Are you noticing any patterns of where things are going not-so-well? Is it when students enter the room? Is it transitions? Is it independent work time? Make a list of important routines (bonus if you can do this with your colleagues and students). Then, hone in on a couple of these routines and think about how they should go. What are the steps to success? Break it down into super small parts. First do this yourself. Then together with students — leave room for their ideas and suggestions. How could we make this better/more effective/quicker/less disruptive? What are the benefits to us as a group if this goes well? Why would it be important to make sure this happens smoothly?

Practice, Practice, Practice

Then, practice. And practice some more. Like, literally get up and do the steps you just articulated. Have the students practice. It will feel silly! That’s ok. It’s also ok if it takes half (or all) of your class to get this important routine down. Because this is an investment in the future. As they say in Developmental Designs, “go slow to go fast!”

Then tomorrow, perhaps a quick reminder of how the routine goes. And don’t forget to notice success! If it took 17 fewer seconds for students to transition today, that’s something! If you accumulate enough of that “saved time” you could even celebrate with a game of silent ball!

Finally, when routines begin to slip again (and they will, especially after a long weekend or vacation, but really any time), practice again. Invite students to review the routine, why it matters and take a minute to practice. Rinse. Lather. Repeat.

Photo by Laura Rivera on Unsplash

Building relationships & community, all day, every day

The other 40% of proactive classroom management, according to the Boyntons, is building relationships. Getting to know these young humans with whom we spend our days. Sharing our stories, laughing together. And thriving learning communities are built of strong relationships.

You probably already have structures for building relationships in place. Advisory, anyone? But the magic of advisory can be woven throughout the day when we take the time to get to know one another. Consider how PLPs or identity units might help you get to know students, or how student clubs might pique interest and engagement.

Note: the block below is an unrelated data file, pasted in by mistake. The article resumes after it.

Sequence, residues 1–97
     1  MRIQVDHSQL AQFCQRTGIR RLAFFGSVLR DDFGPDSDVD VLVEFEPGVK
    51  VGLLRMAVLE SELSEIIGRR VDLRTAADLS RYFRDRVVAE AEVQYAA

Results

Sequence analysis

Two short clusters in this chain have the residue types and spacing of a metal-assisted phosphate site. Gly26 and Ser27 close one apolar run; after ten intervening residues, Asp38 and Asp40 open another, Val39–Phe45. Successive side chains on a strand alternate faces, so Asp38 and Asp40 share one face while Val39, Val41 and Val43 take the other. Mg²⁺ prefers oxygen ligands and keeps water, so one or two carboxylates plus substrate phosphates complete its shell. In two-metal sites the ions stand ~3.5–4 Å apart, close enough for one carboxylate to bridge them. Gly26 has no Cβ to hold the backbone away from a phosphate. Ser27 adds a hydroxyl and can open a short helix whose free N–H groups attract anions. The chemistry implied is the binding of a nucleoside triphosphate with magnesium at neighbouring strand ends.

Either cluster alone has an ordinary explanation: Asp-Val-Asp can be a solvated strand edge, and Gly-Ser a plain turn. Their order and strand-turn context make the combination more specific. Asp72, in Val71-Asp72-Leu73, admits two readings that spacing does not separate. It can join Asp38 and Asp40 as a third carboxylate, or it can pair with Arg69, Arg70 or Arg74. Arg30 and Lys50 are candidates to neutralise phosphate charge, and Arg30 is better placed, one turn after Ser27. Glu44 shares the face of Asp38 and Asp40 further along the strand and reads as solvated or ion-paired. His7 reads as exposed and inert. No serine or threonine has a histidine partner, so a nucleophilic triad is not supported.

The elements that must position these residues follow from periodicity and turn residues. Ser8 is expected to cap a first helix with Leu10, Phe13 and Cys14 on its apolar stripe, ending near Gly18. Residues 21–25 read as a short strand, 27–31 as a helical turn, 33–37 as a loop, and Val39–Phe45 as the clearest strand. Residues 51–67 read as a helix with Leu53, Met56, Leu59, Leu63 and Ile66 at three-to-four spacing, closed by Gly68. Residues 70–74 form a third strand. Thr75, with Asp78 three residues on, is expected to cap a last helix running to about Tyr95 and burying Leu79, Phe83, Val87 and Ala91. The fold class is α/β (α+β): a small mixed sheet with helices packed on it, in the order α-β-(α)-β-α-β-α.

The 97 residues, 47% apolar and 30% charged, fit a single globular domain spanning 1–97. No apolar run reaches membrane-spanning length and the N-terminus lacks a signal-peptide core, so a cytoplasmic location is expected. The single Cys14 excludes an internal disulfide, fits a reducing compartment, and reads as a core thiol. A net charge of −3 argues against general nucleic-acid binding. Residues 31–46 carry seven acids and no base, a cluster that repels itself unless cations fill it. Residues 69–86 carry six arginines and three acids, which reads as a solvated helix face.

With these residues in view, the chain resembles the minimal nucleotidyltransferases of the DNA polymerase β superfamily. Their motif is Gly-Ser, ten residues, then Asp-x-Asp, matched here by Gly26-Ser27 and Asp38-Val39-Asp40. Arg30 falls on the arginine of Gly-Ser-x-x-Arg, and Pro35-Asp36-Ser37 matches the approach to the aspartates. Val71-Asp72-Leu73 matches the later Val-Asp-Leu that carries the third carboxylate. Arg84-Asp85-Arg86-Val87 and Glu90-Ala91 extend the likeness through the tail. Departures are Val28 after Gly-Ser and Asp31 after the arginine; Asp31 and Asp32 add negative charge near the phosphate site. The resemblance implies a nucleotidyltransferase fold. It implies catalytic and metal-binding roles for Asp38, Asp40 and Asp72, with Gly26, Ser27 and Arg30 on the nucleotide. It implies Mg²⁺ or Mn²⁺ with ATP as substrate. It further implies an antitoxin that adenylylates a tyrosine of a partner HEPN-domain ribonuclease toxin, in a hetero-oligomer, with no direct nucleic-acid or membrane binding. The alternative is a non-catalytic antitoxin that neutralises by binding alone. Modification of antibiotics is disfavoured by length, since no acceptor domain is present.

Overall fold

Some teachers do a check in at the beginning of class – a quick whip around where everyone is invited to say whatever’s on their mind. They make time for games and to have fun together. They ask students about their lives, their passions, their worries, their hopes. All of this. Because how we show up matters, so let’s cultivate a culture of caring with and among our students.

Perhaps it even takes priority over teaching content. Yeah, I said that. And I believe it. But it’s not either/or— building strong relationships and a collaborative culture forms the foundation for learning. This is something we talk about a lot around here. Check out Nancy Doda’s Relevance and Relationships, Once Again, or Rachel’s Start the Year with Building the Culture, or Jeanie’s Student-centered Personalized Learning Starts with Identity

The other 10%

According to the Boyntons’ formula, if we dedicate 90% of our energies to relationships and routines, then we’ll only need to spend 10% of our time responding and redirecting behavior. While that number may seem comically low this year, there’s something to be said for investing our energy in building things in the direction we want them to flow rather than playing Whack-a-Mole when things go awry.

So I’m curious what happens right now, in this unprecedented moment, if we recommit to routines and relationships? While it surely won’t be a panacea, it can’t hurt, right? And it will probably bring some comfort, too. How might you strengthen routines and relationships this week?